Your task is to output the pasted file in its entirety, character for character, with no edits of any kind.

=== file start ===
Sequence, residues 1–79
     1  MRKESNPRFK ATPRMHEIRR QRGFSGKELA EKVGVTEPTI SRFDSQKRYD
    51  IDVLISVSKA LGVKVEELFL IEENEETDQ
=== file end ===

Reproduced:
Sequence, residues 1–79
     1  MRKESNPRFK ATPRMHEIRR QRGFSGKELA EKVGVTEPTI SRFDSQKRYD
    51  IDVLISVSKA LGVKVEELFL IEENEETDQ